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New Energy World magazine logo
New Energy World magazine logo
ISSN 2753-7757 (Online)

Institutional investors ready to spend big on energy efficient buildings


6 min read

Close up of smart home thermostat on side of a household radiator Photo: Bosch
Bosch smart home thermostat

Photo: Bosch

Banks, building societies and funds are crucial for pumping private sector money into Europe’s energy efficiency drive. As many of them have also committed to making their investment portfolios greener, what are they doing to help finance the EU’s quest to reduce energy demand from its 210mn buildings? Energy journalist Karolin Schaps reports.

On its mission to wean itself off energy imports from Russia, the European Union (EU) has earmarked even deeper energy efficiency targets as one of the keys to greater energy independence. In its REpowerEU package, announced following Russia’s invasion of Ukraine, the European Commission (EC) set out to increase the bloc’s binding 2030 energy efficiency target to 13% from 9%, based on 2020 levels, previously aimed at under its Green Deal legislation.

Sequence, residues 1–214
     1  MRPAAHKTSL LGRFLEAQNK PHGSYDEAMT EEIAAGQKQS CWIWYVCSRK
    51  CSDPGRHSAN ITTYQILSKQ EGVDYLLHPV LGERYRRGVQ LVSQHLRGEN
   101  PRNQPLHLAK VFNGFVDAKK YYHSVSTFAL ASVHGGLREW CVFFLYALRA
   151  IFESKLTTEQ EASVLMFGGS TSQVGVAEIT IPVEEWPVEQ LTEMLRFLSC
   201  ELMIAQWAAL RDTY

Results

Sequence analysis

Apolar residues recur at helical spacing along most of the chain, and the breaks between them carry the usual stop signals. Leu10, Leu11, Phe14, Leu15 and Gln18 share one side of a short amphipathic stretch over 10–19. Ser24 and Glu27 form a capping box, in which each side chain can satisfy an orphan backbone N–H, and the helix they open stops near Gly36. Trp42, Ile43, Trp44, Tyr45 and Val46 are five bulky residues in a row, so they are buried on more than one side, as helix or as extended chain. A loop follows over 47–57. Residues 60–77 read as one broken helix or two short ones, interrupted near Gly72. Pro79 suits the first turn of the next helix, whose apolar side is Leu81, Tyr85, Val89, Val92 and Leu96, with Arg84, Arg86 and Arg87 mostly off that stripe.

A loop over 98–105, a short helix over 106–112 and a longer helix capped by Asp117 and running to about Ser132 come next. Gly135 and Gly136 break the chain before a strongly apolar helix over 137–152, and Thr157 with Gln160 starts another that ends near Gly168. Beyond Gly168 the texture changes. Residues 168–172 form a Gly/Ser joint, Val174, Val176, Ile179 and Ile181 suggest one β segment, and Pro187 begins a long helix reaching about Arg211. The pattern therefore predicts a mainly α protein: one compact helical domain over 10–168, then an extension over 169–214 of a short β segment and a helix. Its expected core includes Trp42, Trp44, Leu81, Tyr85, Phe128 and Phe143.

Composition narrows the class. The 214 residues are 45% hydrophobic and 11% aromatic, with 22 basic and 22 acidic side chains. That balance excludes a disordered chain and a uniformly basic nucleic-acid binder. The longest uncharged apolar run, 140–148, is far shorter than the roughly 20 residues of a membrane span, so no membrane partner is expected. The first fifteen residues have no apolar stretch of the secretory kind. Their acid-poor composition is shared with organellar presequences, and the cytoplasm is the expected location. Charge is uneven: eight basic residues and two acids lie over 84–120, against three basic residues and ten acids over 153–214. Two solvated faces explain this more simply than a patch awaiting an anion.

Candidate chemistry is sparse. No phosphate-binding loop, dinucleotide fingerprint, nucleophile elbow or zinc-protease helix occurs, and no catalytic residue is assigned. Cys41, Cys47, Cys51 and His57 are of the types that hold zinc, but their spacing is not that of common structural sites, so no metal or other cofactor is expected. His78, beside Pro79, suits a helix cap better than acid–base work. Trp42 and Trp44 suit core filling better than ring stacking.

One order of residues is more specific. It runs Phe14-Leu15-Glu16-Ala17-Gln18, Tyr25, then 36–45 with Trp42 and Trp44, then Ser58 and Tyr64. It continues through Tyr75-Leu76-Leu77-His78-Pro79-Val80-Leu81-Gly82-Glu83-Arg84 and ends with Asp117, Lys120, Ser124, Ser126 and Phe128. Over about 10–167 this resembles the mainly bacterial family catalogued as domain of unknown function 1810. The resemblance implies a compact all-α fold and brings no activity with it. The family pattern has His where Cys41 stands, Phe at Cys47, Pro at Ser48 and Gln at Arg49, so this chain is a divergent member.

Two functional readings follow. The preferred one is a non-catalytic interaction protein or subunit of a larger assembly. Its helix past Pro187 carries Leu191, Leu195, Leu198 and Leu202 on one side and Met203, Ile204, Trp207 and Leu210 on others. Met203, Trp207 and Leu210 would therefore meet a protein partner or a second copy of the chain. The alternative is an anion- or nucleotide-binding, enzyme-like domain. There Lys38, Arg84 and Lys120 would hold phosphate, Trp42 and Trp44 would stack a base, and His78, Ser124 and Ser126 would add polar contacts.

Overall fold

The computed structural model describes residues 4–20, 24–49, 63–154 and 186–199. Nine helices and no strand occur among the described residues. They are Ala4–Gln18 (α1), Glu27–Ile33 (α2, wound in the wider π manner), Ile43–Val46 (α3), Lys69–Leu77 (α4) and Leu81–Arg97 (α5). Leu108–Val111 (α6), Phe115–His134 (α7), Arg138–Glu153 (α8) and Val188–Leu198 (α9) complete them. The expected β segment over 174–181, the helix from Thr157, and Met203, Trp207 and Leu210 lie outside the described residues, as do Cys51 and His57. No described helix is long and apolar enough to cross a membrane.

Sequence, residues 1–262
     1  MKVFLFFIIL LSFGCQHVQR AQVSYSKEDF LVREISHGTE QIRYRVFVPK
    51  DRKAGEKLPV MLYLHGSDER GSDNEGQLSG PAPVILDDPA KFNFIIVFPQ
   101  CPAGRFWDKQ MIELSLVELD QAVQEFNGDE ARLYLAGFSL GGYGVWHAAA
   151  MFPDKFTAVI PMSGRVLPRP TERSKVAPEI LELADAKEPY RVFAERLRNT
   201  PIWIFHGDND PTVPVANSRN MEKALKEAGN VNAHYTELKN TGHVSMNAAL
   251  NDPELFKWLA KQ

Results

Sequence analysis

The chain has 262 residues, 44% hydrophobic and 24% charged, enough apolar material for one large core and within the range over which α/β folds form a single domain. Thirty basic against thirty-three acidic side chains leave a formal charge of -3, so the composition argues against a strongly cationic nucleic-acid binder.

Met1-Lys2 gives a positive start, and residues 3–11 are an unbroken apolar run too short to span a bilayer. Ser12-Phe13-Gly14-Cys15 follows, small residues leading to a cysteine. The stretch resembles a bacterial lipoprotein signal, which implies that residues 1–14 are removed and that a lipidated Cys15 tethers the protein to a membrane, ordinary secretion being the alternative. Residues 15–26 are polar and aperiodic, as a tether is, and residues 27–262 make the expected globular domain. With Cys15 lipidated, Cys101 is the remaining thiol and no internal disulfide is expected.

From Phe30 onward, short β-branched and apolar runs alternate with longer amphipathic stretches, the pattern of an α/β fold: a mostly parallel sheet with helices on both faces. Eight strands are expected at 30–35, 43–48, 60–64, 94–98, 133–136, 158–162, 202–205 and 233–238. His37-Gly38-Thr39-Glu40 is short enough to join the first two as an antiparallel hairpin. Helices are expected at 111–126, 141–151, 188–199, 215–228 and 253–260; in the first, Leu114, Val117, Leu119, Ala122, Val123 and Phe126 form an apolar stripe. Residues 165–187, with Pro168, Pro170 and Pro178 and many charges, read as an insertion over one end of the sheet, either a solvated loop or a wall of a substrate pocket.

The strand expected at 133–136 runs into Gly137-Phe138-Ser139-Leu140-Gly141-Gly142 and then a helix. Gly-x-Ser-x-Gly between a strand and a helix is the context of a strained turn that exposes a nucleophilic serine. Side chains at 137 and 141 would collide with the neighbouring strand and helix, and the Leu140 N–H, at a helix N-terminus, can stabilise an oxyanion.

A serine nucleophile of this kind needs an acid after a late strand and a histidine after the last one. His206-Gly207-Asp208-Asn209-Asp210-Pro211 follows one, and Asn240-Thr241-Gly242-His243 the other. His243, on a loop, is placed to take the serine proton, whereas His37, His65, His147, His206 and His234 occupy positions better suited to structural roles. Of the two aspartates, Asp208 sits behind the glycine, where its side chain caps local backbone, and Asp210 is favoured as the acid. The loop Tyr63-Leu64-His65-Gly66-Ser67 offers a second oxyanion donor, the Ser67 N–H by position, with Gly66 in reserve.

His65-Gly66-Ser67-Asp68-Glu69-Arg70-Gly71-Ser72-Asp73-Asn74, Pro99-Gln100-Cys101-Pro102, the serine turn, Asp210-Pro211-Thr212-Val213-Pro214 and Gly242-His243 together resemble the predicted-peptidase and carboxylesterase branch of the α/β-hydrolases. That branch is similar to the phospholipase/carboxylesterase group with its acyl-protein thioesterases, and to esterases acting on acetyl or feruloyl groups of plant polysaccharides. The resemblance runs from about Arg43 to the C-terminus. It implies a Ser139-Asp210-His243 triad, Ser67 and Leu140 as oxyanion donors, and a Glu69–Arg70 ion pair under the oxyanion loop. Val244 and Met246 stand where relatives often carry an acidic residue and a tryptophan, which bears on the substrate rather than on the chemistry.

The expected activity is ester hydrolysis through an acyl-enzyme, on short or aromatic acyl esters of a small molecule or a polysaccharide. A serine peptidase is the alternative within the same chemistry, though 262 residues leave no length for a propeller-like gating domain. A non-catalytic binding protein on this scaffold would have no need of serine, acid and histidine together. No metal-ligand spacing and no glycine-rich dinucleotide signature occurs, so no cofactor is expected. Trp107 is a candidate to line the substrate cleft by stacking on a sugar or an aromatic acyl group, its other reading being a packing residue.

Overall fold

In parallel, member states will soon be legally bound to reducing final energy use by 36% below 1990 levels as part of the EU’s ‘Fit for 55’ climate transition package that aims to put the continent on track to reduce greenhouse gas (GHG) emissions by at least 55% on its path to a net zero economy by 2050.


The EU’s buildings consume around 40% of the bloc’s energy, the highest of any individual sector. Up to 95% of today’s buildings in the EU will still be standing in 2050, but three quarters of them have a poor energy rating. This spells out the immense task at hand to not only improve efficiency in existing buildings but also to invest in equipping new ones with state-of-the-art energy efficiency measures.


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